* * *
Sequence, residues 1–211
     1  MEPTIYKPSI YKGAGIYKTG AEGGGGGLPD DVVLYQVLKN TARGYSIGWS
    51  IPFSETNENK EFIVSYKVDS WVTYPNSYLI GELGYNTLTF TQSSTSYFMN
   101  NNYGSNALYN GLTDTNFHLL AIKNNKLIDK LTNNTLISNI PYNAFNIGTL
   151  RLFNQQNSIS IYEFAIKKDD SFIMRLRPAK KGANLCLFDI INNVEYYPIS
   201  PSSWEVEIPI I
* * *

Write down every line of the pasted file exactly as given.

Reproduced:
Sequence, residues 1–211
     1  MEPTIYKPSI YKGAGIYKTG AEGGGGGLPD DVVLYQVLKN TARGYSIGWS
    51  IPFSETNENK EFIVSYKVDS WVTYPNSYLI GELGYNTLTF TQSSTSYFMN
   101  NNYGSNALYN GLTDTNFHLL AIKNNKLIDK LTNNTLISNI PYNAFNIGTL
   151  RLFNQQNSIS IYEFAIKKDD SFIMRLRPAK KGANLCLFDI INNVEYYPIS
   201  PSSWEVEIPI I